In reality, the loss of Webb's pass coverage skills is a much bigger challenge to overcome than losing Lewis in the middle of the defense. As people in the know in Baltimore will admit, Lewis, 37, has been near invisible this season in terms of run defense, and his impact has been minimal in the coverage portion of his responsibilities. The Ravens are optimistic that valuable reserve Dannell Ellerbe can step into Lewis' starting slot and perhaps even improve their athleticism and playmaking, and that 2011 first-round pick Jimmy Smith is ready for his close-up at cornerback, in place of the gifted Webb.

The twin losses of Webb and Lewis undoubtedly cut into Baltimore's depth. But the Ravens went to camp this year believing cornerback was their deepest position, and they are encouraged by having gone 4-0 without Lewis in the lineup last season, and that reigning Defensive Player of the Year Terrell Suggs will return from his Achilles' tendon tear at some point in November.

But the best defense these days might be a superior offense, one that can score quickly, consistently answer an opponent's touchdowns and field goals, and dictate the flow and pace of the game -- rather than be dictated to. With the exception of Baltimore's 9-6 win at Kansas City in Week 5, the Ravens offense has consistently threatened defenses.

SI Recommends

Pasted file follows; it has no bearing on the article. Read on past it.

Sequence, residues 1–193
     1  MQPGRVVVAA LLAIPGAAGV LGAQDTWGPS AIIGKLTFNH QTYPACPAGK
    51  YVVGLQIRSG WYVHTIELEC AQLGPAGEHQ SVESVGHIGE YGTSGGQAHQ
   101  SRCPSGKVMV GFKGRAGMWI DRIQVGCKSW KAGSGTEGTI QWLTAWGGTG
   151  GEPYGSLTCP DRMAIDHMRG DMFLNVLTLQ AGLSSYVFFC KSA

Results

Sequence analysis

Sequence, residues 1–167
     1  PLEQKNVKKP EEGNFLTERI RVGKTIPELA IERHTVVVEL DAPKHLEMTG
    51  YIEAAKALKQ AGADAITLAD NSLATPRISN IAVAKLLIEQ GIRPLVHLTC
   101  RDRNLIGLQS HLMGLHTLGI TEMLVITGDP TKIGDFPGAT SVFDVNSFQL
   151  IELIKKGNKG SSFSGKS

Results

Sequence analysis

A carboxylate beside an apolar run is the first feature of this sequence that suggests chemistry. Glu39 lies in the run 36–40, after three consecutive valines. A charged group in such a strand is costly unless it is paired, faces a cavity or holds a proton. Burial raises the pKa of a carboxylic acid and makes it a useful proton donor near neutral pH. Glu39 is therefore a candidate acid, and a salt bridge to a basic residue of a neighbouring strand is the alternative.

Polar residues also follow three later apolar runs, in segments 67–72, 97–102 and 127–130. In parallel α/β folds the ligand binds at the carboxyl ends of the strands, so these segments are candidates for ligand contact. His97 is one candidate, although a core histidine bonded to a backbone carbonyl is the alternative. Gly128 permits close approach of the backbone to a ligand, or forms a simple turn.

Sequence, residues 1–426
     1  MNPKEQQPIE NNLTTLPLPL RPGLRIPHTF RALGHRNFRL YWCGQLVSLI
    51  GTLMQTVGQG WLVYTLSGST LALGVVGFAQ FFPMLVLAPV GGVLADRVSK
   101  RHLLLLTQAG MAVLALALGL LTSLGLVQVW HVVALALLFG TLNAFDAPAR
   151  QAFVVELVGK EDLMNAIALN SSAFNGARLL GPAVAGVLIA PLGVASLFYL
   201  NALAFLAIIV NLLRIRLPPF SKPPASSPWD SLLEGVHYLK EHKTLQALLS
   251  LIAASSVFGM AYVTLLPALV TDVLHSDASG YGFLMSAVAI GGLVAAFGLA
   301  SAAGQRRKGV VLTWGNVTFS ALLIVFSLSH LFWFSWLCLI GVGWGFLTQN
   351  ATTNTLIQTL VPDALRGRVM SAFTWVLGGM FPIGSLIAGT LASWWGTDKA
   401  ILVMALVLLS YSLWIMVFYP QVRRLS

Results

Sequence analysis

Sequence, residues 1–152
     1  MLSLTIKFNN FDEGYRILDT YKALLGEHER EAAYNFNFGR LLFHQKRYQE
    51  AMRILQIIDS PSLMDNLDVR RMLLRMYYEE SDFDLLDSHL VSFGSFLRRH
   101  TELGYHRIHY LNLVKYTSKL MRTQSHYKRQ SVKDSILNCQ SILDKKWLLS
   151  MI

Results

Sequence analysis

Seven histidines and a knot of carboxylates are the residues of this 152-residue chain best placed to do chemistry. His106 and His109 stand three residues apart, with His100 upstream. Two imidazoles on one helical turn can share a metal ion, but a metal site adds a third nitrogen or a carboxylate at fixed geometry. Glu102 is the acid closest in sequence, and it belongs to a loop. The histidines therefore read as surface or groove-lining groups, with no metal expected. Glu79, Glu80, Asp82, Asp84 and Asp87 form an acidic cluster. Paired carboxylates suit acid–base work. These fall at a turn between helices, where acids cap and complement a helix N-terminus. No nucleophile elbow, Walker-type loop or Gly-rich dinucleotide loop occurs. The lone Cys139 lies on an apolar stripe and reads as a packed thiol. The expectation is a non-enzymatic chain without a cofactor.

"I think this is [Ravens offensive coordinator] Cam Cameron's finest coaching job to this point, because they're playing this thing like a full-tilt offensive team,'' Dilfer said. "With the different personnel groups they're running in there, the multiplicity in their passing game, and how they're incorporating Ray Rice into their passing game more than just the checkdowns. They've fully got it now.

"When you're a conservative offense, you're a couple personnel groupings, you're reduced formations, you're play-action, you don't drop back a lot, and you don't tend to threaten the whole field -- trust me, I'm an expert at this. But when you're an aggressive offense, you throw the whole book every week. And when I watch the Ravens, they're doing everything. They've embraced that, and I think it started last year.''

Remaking Baltimore into a more explosive offensive unit has been at least a two-year project, but it did bear some fruit in 2011 with the memorable comeback win at Pittsburgh in Week 9, in the game that essentially won the Ravens the AFC North title. And, of course, the Ravens were a Lee Evans dropped pass in the end zone away from beating the high-powered Patriots on the road in the AFC title game.

In Baltimore's 31-29 win over visiting Dallas, the Ravens gave their fans even more of a glimpse of what their quick-strike offense can accomplish. First, Baltimore drove 80 yards in eight plays in just 1:34 to score a touchdown and take a 17-10 lead right before the half, and then it followed that up by marching 73 yards in 10 plays in the latter half of the fourth quarter, using only 3:41 to tally what turned out to be the game-winning touchdown on a 1-yard Rice run.